Apparently the SMRT’s bus drivers union has appealed to Lim Swee Say for help in their wage dispute.
Some are therefore looking at this as a test case, to see whether Lim Swee Say is a JLB (Jia Liow Bee) minister or if he can actually do anything for Singaporeans.
I sure hope Mr Lim keeps out of this, and that the union can take matters in its own hands rather than go cry-baby to the Govt.
Gosh– this is the equivalent of ‘cher, Ah Kow bully me’ syndrome!
If the management did not break any laws, there is no reason to get the Govt involved. Even if they did break laws, the right thing to do would be to go to industrial court, not cry-baby to the Govt!
How can we have independent trade unions– which is the one key institution that can fight fair deals for employees– if they are all so dependent on the Govt? Do they not realize that such ‘symbiotic’ ties simply bind us closer to the PAP?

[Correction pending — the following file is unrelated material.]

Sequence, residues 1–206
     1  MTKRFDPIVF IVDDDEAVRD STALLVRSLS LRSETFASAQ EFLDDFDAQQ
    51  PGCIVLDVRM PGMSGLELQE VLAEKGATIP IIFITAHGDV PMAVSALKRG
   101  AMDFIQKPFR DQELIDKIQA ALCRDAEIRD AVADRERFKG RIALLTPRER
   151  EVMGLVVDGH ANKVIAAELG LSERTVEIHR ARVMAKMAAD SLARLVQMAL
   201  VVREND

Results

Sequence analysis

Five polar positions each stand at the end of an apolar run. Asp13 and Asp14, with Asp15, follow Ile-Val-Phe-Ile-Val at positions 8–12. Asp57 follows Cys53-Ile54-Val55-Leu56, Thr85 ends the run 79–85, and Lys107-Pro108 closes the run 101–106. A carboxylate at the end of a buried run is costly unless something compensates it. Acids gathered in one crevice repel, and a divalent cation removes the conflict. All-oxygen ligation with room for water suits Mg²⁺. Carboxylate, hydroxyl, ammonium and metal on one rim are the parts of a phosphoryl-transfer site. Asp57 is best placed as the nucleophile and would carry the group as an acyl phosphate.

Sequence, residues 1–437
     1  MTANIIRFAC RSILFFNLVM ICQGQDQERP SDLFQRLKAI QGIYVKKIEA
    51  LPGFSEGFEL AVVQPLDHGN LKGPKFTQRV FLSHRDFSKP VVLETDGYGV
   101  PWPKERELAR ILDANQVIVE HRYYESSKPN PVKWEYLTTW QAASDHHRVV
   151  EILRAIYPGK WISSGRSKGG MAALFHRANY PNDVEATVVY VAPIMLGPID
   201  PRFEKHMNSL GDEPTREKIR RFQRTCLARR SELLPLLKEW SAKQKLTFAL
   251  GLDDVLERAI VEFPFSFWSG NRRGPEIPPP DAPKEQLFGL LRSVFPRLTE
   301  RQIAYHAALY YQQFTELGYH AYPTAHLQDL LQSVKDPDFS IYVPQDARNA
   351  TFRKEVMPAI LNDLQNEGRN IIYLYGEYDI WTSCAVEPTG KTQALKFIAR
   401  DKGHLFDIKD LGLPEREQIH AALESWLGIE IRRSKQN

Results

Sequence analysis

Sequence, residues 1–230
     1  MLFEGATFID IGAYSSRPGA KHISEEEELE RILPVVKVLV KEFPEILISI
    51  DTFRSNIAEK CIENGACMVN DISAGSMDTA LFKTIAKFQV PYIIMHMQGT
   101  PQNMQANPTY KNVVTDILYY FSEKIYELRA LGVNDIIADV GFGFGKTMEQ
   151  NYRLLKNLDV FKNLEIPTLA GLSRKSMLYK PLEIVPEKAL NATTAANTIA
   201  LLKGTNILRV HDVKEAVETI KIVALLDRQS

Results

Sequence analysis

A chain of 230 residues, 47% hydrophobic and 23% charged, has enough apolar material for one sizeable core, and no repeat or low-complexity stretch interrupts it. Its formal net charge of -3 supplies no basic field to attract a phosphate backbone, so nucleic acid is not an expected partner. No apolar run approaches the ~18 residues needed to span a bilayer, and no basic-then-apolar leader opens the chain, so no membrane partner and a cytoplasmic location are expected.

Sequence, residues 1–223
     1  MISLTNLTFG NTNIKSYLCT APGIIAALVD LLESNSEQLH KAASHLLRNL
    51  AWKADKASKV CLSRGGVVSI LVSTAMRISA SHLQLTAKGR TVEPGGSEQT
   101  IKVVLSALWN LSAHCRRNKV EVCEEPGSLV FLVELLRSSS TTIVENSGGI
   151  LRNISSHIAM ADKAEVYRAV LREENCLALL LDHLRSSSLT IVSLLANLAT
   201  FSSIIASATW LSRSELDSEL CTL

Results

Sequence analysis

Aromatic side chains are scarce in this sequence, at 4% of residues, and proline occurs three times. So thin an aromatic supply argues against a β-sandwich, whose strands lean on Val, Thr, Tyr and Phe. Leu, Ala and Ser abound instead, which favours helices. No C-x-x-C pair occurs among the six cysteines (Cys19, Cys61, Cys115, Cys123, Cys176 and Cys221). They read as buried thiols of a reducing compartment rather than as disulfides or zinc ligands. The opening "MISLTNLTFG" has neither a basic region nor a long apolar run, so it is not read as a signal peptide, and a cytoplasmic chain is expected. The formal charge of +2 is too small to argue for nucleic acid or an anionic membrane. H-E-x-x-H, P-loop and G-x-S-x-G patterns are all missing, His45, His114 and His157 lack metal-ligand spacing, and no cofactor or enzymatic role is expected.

This is not good for Singapore’s political development.
If Lim Swee Say succeeds in brokering a deal, he’ll be revered as a hero and help entrench PAP’s dominance further, and he’ll be making speeches again about the wonderful tri-partite system PAP advocates.
And Singaporeans will never wake up.
Does anybody remember how LKY stepped in to discipline ALPA-S when it had a wage dispute with SIA? If SIA is run as a commercial company– as all Temasek holdings companies are claimed to be– what is the basis for the old man to step in with his talk of broken heads? There are established ways to resolve commercial disputes, why are they not used? If SIA pilots need to strike to get what they want, so be it.
Why do we tolerate politicians intervening in commercial wage disputes of a commercial company? If there is no law which the Govt can use to order the pilots or management about, then they have no right to intervene. I’m pretty sure ALPA-S didn’t appeal to LKY at that time, so what was the basis for management to bring in PAP politicians to intervene in a wage dispute of a commercial company?
If this pattern is not broken, if people still run to the Govt at the first sign of disagreement, what hope is there for political reform in Singapore?